When you’re sick, your body is infected. But with what? With a virus or with bacteria? To understand what it is, here’s how you can tell the difference between the two.
Bacteria and viruses? Both the same, both harmful? Far from it. Although they all belong to the large family of microbes, are tiny, and are often confused, they differ significantly in their form and the diseases they can cause.
In the event of an infection or several infections, it is important to know the cause. So, to make sure you don’t get it wrong, here’s how you can tell the difference between viruses and bacteria.
How can you recognize viruses?
While some are even smaller than bacteria, XL viruses have recently been discovered. However, this size does not make them independent. A virus is not autonomous, like a bacterium.
Viruses are infectious agents that require cells to multiply. They are also known as intercellular parasites. They enter a cell to multiply and, thus, infect other cells. A virus is infectious and is transmitted from one living being to another in various ways: via the respiratory tract, the digestive tract, the sexual tract, or the skin. All living organisms can fall victim to a virus: humans, animals, and plants. They can be responsible for numerous diseases in varying degrees of severity: colds and flu, which often do not differ much in their symptoms; chikungunya, AIDS, bird flu, measles, polio – the list is long!
Antibiotics are not helpful in combating them. There are other medical means to limit their transmission, multiplication, and penetration into cells. The best and most revolutionary method is the vaccine. This is a real breakthrough in the world of health that has already eradicated many diseases.
While some have been developed for diseases (measles, flu, chickenpox, mumps, etc.), others have not yet been developed, and researchers are still working on them. However, great progress has been made in the fight against the AIDS virus; an HIV vaccine has already been tested on humans. To keep up to date with progress in developing a potential vaccine, watch out for announcements from the World Health Organization (WHO).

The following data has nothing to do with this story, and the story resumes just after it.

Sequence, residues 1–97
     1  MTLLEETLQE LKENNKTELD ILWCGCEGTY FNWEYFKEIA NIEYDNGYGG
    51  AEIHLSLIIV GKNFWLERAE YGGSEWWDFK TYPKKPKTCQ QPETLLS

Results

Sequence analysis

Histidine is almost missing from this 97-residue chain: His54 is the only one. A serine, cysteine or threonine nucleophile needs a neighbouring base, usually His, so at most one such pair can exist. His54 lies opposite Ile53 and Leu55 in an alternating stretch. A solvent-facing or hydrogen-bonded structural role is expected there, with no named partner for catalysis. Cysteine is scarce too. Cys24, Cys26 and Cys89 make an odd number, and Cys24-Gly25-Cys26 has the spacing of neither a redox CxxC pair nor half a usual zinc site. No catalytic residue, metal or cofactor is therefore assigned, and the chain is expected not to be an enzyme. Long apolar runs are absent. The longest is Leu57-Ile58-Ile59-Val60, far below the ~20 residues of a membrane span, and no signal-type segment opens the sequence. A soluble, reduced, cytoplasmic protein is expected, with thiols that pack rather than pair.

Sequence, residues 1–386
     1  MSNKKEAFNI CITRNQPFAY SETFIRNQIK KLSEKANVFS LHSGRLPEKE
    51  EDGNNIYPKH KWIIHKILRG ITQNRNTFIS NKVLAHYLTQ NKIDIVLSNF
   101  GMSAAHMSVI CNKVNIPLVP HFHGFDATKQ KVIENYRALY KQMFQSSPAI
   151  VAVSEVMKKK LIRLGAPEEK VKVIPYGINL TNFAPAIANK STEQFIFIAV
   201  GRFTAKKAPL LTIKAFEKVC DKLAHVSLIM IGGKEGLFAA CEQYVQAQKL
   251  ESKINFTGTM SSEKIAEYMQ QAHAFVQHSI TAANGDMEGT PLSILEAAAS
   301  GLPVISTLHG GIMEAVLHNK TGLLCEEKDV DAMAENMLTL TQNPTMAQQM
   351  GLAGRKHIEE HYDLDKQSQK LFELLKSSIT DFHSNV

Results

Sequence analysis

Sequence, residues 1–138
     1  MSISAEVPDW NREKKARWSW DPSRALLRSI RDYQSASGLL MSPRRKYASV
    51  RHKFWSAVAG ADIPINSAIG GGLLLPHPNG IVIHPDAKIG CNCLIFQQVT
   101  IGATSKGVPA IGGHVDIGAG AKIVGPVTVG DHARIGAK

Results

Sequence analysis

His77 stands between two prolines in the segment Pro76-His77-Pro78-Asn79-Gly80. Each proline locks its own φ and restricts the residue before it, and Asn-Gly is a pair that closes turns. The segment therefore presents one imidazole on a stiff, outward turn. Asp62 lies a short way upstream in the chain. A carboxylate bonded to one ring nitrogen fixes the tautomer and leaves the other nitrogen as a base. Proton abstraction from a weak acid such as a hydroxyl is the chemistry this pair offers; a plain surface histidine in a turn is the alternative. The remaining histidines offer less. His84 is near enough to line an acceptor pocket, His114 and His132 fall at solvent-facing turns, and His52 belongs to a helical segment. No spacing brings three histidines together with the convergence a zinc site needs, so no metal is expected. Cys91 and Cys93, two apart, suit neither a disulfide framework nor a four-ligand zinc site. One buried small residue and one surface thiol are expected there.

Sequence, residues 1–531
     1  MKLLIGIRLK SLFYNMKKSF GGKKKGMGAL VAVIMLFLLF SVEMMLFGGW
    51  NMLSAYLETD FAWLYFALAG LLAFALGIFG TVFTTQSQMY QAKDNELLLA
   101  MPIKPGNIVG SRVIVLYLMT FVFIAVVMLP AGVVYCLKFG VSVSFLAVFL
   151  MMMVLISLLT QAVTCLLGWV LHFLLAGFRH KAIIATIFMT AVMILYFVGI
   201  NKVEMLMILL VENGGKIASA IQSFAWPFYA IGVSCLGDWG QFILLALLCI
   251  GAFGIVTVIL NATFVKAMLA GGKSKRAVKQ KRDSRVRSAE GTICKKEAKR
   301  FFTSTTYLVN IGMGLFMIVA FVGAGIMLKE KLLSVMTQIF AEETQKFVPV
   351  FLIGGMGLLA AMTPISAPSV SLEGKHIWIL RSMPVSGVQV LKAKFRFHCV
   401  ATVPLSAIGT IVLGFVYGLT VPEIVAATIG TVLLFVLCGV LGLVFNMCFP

But we shouldn’t be afraid of all viruses! They can be of great benefit, as evidenced by the recent gene therapy where vector viruses can be used to transfer genes to correct a genetic defect.
What is a bacterium?
It is a living, single-celled microorganism; it consists of a single cell with no nucleus. A bacterium measures 1 µm, so it is 50 times smaller than the diameter of a hair! But their small size in no way makes them weak. Bacteria are self-sufficient and can carry out their basic functions independently: producing, passing on information, and benefiting from their environment. Bacteria are very autonomous and have their own metabolism. Contrary to popular belief, they are generally completely harmless and indispensable for our organisms and health. These include, for example, bacteria that are involved in our digestion.
But beware; some can be pathogenic and cause more or less severe symptoms, from sore throats, middle ear infections, toothaches, and bladder infections to tuberculosis, pneumonia, or even the plague, which still has cases!
Antibiotics must be used to prevent these bacteria from multiplying. Since the beginning of the 20th century, their molecules have been used to treat numerous bacterial infections. Unfortunately, they are often misused, and some have become ineffective.
So, it cannot be repeated often enough: antibiotics are not a panacea!
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